Global jitters on safety of nuclear plants, M’sia calm

Posted on March 16, 2011. Filed under: Energy |

-The Star- Plain Speaking – By Yap Leng Kuen

PANIC has not only engulfed the Tokyo market; the mood has spread worldwide regarding the safety and viability of nuclear plants.In Malaysia, public reaction has been relatively calm. Plans are just at the initial stage for building two nuclear power plants in Malaysia with capacity of 1,000 MW each – the first plant will be ready by 2021 and the second, a year later.

But those in top nuclear-producing countries are beginning to question if they should press ahead with plans to expand or build more plants.

In the post-Chernobyl lull, the nuclear renaissance has been rekindled as one of the “solutions” to climate change and environmental pollution concerns.

It is estimated that 62 new reactors are currently under construction, 158 being planned and 324 proposed, according to a report by Anne Applebaum on Slate.

The World Nuclear Association said the United States has 104 nuclear power plants producing 805 billion kWh which was about 20% of the total electric energy consumption in 2009; France has 58 reactors producing 78% of the country’s electricity; China has 13 nuclear power reactors in operations, more than 25 under construction and many are about to start construction soon; South Korea has 21 reactors supplying 40% of its electricity.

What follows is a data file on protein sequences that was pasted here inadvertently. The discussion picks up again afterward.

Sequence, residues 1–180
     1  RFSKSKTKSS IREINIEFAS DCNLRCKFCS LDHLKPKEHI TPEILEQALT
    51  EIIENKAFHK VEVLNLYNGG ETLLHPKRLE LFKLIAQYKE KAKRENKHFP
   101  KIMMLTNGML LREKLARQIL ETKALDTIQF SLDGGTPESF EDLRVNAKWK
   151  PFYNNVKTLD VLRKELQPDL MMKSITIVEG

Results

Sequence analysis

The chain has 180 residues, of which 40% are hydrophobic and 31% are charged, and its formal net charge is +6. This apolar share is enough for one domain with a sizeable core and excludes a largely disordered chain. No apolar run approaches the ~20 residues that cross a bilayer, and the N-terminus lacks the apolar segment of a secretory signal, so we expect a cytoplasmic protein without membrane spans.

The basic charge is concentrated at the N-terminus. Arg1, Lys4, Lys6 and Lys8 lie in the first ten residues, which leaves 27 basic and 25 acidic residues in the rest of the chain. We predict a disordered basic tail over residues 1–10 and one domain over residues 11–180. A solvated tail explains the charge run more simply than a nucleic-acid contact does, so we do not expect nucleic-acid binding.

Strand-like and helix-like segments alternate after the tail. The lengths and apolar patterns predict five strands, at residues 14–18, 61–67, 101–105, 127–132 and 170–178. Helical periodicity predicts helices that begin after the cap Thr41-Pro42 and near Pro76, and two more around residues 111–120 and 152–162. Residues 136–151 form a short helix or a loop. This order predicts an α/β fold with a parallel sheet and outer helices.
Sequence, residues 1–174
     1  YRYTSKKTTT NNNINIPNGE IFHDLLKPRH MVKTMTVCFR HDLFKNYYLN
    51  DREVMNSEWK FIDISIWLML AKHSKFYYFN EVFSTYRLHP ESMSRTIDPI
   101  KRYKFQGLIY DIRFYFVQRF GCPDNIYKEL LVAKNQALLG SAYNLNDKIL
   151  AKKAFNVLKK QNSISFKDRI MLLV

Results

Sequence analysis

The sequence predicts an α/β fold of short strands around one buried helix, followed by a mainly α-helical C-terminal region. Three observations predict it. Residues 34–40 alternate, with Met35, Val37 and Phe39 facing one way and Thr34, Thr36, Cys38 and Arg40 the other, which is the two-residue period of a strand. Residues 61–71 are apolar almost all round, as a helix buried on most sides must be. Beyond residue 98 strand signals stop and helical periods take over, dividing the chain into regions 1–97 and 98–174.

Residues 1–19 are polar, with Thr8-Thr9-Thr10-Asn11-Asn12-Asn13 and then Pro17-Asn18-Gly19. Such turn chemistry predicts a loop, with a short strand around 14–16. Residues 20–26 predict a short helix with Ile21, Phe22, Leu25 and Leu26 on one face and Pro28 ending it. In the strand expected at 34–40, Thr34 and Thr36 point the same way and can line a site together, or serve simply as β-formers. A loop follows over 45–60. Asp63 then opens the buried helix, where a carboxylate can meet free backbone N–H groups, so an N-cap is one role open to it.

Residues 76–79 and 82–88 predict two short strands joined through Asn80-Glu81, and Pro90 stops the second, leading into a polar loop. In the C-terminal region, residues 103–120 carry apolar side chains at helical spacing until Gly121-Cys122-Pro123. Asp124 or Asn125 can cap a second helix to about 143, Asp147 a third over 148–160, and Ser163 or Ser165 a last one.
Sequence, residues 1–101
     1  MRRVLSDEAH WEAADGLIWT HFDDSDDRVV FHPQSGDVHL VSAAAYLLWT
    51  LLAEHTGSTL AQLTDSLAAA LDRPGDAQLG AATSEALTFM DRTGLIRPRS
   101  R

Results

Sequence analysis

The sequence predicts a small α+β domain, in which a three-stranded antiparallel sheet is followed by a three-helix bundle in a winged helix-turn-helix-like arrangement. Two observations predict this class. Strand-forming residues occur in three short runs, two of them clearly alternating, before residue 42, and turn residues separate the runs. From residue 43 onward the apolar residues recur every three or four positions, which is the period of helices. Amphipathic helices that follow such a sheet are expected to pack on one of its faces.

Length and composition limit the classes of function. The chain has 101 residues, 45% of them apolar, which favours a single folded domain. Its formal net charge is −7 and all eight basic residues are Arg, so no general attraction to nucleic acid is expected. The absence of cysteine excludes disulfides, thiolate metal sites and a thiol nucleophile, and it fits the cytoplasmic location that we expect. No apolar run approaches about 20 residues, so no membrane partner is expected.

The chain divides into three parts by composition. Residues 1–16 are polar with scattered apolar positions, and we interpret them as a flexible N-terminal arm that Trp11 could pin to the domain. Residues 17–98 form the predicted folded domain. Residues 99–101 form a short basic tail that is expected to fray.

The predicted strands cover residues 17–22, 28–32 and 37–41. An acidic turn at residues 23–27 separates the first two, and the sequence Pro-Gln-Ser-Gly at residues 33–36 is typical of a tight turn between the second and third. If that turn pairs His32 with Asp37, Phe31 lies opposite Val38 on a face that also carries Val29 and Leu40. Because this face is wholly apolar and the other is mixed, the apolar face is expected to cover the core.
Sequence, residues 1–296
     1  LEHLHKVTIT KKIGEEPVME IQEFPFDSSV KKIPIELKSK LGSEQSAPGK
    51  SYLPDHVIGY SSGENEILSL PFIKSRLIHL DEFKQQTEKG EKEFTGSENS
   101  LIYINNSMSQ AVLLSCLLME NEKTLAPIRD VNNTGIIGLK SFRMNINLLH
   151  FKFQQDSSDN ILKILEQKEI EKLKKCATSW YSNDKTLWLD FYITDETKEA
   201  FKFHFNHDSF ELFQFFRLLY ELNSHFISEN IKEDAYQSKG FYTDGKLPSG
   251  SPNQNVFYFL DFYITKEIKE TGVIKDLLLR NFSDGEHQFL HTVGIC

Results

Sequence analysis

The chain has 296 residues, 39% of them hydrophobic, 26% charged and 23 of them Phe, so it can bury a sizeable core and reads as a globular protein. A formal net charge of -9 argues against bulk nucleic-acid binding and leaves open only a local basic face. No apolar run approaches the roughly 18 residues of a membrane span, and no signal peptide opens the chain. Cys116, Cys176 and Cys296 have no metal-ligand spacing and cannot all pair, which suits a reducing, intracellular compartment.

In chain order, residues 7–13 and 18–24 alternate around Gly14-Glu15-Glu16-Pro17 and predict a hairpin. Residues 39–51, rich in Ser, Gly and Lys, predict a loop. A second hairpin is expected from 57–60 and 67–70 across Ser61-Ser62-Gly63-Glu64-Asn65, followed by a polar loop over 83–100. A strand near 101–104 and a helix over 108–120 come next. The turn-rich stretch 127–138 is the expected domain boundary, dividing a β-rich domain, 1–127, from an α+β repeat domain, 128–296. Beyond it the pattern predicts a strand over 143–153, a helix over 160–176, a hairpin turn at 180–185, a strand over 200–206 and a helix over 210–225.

India has 20 nuclear reactors with a capacity of 4,780 MW, said a report in the Wall Street Journal.

As of June last year, Germany has 17 nuclear plants with gross output of 21,507MW, according to the European Nuclear Society. Germany has postponed plans for extention of some of its nuclear power plants while Britain has asked for a review of nuclear safety.

The problem in Japan’s nuclear plants at Fukushima, which were built to withstand strong seimsmic activities, was exacerbated by the tsunami that soon followed the massive 9.0 earthquake.

Experts tried to assure the public that it was an entirely unprecedented event that occurred as a double whammy, and was not likely to surface elsewhere.

Nevertheless, the shock waves triggered by this unusual phenomenon have sent ripples of fear throughout the world.

It is timely for the world to review not just from the standpoint of safety but also cost competitiveness.

Various costs are involved including capital; fuel; generation, insurance, depreciation, operations and maintenance; waste disposal; decommissioning and others.

In France and South Korea it is cost competitive to produce nuclear but that may not always be the case, and the cost of electricity may end up being higher.

Moreover, it is hard to quantify the benefits of nuclear power in combating climate change.

This is especially when the risks may ultimately outweigh the gains, as what happened in Fukushima with its old designs that were not built to pre-empt the earth’s other changes over a long period of time.

More efforts need to be channelled towards energy efficiency and conservation while developing alternative sources of power such as solar, wind, geothermal, biomass and hydropower.

  • Senior business editor Yap Leng Kuen is, first of all, taking a drive around certain residential areas to check on the number of air-conditioners for each house.
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